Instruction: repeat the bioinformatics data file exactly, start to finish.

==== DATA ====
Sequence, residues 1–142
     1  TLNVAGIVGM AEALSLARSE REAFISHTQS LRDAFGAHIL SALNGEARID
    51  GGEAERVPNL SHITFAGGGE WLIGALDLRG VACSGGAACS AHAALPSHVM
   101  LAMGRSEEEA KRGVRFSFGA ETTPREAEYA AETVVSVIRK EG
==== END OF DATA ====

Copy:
Sequence, residues 1–142
     1  TLNVAGIVGM AEALSLARSE REAFISHTQS LRDAFGAHIL SALNGEARID
    51  GGEAERVPNL SHITFAGGGE WLIGALDLRG VACSGGAACS AHAALPSHVM
   101  LAMGRSEEEA KRGVRFSFGA ETTPREAEYA AETVVSVIRK EG